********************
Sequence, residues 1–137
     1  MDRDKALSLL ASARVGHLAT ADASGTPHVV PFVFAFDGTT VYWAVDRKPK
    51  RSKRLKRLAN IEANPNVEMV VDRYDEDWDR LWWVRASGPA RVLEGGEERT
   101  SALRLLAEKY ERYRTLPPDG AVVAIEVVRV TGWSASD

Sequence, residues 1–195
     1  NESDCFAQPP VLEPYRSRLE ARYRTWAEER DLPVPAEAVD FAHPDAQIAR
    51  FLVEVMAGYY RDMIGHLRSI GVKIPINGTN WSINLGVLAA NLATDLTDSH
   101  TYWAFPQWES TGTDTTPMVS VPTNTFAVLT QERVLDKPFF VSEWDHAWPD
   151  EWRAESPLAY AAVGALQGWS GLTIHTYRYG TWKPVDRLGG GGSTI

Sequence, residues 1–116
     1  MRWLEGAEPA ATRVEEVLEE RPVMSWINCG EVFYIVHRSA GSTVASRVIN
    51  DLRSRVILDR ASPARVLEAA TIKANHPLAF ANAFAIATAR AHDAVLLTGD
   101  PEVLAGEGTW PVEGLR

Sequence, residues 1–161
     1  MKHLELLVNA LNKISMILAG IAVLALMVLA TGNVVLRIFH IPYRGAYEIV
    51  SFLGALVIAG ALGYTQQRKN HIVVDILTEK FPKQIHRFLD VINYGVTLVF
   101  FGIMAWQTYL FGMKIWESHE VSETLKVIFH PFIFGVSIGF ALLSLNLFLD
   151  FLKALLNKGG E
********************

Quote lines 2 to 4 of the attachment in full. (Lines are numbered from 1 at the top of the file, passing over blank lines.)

     1  MDRDKALSLL ASARVGHLAT ADASGTPHVV PFVFAFDGTT VYWAVDRKPK
    51  RSKRLKRLAN IEANPNVEMV VDRYDEDWDR LWWVRASGPA RVLEGGEERT
   101  SALRLLAEKY ERYRTLPPDG AVVAIEVVRV TGWSASD